Drs. Donald Zack and Valentin Sluch spent 30 anxious days waiting for their experiment to yield results.
They were eager to see if the retinal ganglion cells growing in their lab would turn red, indicating that they'd successfully edited the cells' DNA. Turning the eye cells red would allow them to be sorted from other cells and potentially provide the key to research that one day could lead to a cure for blindness caused by glaucoma or multiple sclerosis.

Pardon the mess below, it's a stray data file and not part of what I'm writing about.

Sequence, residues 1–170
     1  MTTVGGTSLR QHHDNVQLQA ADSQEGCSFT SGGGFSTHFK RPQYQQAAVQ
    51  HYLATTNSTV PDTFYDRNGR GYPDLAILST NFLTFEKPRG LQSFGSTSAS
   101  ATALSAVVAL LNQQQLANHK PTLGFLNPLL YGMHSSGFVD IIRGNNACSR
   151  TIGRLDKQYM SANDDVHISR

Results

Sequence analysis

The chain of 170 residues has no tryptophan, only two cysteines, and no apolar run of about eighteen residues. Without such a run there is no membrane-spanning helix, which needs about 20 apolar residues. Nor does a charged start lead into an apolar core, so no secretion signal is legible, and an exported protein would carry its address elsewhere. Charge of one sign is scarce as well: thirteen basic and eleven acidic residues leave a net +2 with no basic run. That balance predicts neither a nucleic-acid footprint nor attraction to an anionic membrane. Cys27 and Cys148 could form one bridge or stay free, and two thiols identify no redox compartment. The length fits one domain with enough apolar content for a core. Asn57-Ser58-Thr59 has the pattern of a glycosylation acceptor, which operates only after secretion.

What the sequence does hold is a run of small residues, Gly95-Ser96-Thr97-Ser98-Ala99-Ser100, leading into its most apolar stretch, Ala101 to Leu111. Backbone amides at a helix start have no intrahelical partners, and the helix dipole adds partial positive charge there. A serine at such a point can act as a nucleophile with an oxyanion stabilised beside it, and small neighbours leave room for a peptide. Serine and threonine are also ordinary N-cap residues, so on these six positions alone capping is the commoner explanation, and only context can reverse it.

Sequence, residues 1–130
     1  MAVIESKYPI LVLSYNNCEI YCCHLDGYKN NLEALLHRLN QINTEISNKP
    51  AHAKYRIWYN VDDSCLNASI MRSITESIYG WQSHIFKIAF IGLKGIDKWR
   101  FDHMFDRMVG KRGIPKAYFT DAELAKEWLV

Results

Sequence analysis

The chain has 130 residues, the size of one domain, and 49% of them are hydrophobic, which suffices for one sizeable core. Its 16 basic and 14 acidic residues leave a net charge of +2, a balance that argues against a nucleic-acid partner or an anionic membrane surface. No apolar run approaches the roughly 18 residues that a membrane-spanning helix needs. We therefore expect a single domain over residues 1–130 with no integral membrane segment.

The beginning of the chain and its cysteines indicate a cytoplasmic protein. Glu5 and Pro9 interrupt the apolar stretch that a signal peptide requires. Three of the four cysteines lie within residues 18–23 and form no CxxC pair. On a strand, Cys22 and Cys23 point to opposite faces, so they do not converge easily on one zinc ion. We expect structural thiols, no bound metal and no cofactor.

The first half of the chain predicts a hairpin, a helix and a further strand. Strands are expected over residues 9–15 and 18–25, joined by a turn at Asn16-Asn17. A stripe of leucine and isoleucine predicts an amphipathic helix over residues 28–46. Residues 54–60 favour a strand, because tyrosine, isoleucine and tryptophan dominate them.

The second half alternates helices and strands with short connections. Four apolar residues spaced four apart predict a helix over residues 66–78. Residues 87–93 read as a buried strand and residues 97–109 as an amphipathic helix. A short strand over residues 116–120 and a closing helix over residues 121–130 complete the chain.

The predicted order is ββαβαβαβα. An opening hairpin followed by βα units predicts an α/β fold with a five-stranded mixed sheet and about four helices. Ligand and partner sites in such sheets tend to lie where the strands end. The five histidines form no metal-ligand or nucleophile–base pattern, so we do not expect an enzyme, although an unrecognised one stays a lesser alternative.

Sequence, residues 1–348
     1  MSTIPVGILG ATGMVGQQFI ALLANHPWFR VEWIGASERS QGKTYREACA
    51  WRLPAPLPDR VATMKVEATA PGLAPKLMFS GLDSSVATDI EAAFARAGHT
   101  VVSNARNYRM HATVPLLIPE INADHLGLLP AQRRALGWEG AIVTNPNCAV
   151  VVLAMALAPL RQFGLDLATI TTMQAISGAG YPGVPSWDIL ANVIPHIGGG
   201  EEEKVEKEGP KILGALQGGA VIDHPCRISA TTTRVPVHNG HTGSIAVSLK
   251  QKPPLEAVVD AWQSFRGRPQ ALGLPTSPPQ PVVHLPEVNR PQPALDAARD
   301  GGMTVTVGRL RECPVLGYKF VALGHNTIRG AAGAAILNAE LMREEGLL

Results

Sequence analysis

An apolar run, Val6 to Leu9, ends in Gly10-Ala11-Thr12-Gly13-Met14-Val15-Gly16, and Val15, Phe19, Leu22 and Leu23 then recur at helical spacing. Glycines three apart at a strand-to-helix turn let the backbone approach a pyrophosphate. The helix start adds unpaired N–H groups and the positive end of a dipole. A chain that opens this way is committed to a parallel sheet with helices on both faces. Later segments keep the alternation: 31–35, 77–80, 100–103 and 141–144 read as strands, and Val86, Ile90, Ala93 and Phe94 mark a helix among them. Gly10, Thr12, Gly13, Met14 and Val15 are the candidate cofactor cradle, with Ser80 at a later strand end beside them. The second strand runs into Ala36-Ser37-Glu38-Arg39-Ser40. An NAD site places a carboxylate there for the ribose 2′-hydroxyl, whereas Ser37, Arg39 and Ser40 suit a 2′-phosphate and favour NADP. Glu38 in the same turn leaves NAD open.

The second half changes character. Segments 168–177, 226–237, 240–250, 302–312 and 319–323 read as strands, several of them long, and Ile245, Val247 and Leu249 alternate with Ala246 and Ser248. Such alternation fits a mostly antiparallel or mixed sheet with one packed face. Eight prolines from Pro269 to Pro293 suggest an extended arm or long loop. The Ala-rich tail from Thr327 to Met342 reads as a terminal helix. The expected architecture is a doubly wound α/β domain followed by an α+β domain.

"I was checking every day," Sluch said. "When I first saw red cells in the cultures, I was really excited and I ran to get a colleague to tell them that it worked."
The breakthrough of growing eye...